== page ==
By Julie Gregory, Chief Health Liaison for Apollo Health

I was trying so hard to be brave, positive, even grateful after being told I had to give up everything in my house that was “porous.” Those of you on the mold journey know what I’m talking about. If you’re experiencing symptoms and mold has been identified in your home, the remediation process includes emptying the house, discarding anything porous (that can allow mycotoxins to enter), cleaning everything else, remediating, then slowly re-introducing things back into the home. That means saying good-bye to my upholstered furniture, my carpets, my bedding, my son’s grade school artwork, even his tiny baby clothes. But, when I got to my daddy’s books, I just broke down into a sobbing mess overcome with grief.

I know it’s ridiculous for an almost 60-year-old woman to refer to her father as “daddy,” but he died when I was two years old, and my relationship with him froze at that moment in time. I never got to call him “Dad,” I never received his support and guidance, I never got to have him walk me down the aisle. He’s a mythical giant to me, this man who loved me with his whole being, but who left before I could even speak to him. I think for that reason, the few things that I have of his are so precious to me.

He died when he was only 25 years old doing what he loved — sailing on Lake Michigan. Indeed, sailing had been among his passions since he was a teenager. He also loved the arts, photography, literature, and poetry. Despite never having the opportunity to attend college, he had a love of learning that still connects me to him across time. What young man in his twenties would buy a leather-bound set of the Great Books with the intention of reading through each? For those who are unfamiliar, the Great Books of the Western World, originally published in 1952, were a 54-volume set of what were considered to be the most important ideas in Western Civilization, including works from authors like Milton, Aristotle, Shakespeare, Dostoevsky, and Hippocrates. I carried his books with me from home to home, reading some and proudly displaying them in my bookcases. They’re beautiful, deeply meaningful, and an important connection to a man I never had the privilege to know.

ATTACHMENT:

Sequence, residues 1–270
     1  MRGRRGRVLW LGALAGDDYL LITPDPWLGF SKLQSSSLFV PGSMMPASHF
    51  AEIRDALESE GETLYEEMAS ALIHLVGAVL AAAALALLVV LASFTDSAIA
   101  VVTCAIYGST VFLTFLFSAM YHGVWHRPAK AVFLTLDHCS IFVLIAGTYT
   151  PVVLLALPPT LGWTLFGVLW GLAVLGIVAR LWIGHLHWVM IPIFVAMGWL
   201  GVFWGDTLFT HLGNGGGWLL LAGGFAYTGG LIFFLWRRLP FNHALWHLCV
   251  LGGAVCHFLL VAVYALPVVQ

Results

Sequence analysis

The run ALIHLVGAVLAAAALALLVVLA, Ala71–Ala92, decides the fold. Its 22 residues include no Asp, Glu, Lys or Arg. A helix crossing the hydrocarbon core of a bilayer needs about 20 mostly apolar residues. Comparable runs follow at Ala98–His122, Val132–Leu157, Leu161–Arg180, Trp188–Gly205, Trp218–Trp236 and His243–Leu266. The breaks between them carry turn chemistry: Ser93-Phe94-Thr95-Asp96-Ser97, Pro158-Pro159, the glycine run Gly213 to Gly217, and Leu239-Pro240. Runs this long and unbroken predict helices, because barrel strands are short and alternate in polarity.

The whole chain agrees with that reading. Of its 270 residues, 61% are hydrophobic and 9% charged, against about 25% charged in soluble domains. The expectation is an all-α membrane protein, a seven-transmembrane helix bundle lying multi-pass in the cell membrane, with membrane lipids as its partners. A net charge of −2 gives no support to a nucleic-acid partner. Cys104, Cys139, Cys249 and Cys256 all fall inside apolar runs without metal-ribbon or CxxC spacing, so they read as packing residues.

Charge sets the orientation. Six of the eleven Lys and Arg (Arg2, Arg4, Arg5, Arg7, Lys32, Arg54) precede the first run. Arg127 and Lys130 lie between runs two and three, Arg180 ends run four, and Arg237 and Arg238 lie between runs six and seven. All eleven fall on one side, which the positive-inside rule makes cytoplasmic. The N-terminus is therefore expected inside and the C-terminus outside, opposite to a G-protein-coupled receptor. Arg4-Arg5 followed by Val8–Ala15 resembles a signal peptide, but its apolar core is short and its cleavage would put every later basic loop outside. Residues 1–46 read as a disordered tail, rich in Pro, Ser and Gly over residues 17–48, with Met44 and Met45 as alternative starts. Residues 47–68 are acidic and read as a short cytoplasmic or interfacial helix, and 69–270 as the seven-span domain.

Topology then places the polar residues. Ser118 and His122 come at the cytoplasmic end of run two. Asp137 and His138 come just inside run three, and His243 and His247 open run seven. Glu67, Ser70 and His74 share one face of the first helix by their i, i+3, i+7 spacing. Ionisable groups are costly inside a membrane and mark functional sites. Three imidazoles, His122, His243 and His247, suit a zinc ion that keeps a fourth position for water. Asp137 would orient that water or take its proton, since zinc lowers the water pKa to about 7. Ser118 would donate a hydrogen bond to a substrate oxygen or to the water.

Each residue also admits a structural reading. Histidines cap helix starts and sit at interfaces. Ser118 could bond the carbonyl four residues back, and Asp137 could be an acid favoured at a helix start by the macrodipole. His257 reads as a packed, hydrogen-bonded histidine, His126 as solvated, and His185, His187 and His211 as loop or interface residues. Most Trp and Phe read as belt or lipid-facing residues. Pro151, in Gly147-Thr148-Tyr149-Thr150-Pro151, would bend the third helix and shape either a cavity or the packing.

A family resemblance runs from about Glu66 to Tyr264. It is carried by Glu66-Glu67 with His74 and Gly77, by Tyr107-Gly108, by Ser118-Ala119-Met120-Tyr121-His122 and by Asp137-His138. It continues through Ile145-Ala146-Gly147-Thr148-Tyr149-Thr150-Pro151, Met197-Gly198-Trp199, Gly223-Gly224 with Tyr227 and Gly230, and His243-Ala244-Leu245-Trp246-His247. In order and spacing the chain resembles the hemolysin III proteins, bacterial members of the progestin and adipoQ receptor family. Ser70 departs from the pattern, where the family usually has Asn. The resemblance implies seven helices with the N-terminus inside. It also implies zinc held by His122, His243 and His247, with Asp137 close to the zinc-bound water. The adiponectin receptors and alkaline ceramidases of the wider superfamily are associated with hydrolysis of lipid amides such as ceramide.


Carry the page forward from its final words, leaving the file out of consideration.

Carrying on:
Amongst his books was a small red cloth-bound book, a collection of poems by Dylan Thomas. One poem stood out as it was bookmarked with a small scrap of paper. It was pencil marked and underlined in multiple places with exclamation points. It was clearly a poem that deeply spoke to him. It seems almost prophetic that he would focus on this poem out of them all, almost as though he had a premonition that his life would be cut short.

Do Not Go Gentle Into That Good Night
Do not go gentle into that good night,
Old age should burn and rave at close of day;
Rage, rage against the dying of the light.
Though wise men at their end know dark is right,
Because their words had forked no lightning they
Do not go gentle into that good night.
Good men, the last wave by, crying how bright
Their frail deeds might have danced in a green bay,
Rage, rage against the dying of the light.
Wild men who caught and sang the sun in flight,
And learn, too late, they grieved it on its way,
Do not go gentle into that good night.
Grave men, near death, who see with blinding sight
Blind eyes could blaze like meteors and be gay,
Rage, rage against the dying of the light.
And you, my father, there on the sad height,
Curse, bless, me now with your fierce tears, I pray.
Do not go gentle into that good night.
Rage, rage against the dying of the light!!!

I originally found this book with these pencil marks when I was a teenager. At that time, they almost made me angry with him. I felt like he knew, and he didn’t fight hard enough. After being swept off the bow, he should have been able to swim against the mighty Lake Michigan waves, to get back to shore to make it home to his pregnant wife, with three little ones awaiting his arrival. But my mythical giant of a daddy was just a man, after all, helpless against the power of the fiercest of the Great Lakes.

This past summer, my husband and I bought a boat. It was a brave step for me as I’ve always been terrified of Lake Michigan because of my family legacy. But sailing through the same harbor, past the same majestic lighthouse that my father would have passed, I saw the beauty. I felt the excitement in the waves, the seagulls chasing us, the wind whipping us around. I felt the glory, the peace, the serenity of being in the open water. On calm days, the gentle waves hypnotized me, lulled me to sleep. I felt connected to him by experiencing what he loved.

Now, I look at these words differently. I see them as my battle cry, my anthem. Maybe he was sending me a message across time, telling me to fight, to do what it takes to make it to old age. The protocol isn’t always easy; it’s certainly not a path of convenience. At this point, I have no idea where I’ll be living in a month, in a year, or if I’ll ever get back to our beloved home. I’m not even sure how much of what I’ve been instructed to do that I’ll follow.

One thing I do know is that I will use my experience to try to learn what’s necessary (and what’s not) when it comes to mold remediation — perhaps challenging some of the traditional recommendations. I’ll be working equally hard on creating resiliency within myself so that I can withstand exposure to the same mold that we’ve been living with for millennia while cleaning up the environment around me. I’ll journal my experience, both my failures and successes, so that we as a community can come closer to a more feasible path towards healing. By taking this route, I do know that I’m raging against the dying light. And I, for one, do not plan to go gentle into that good night.

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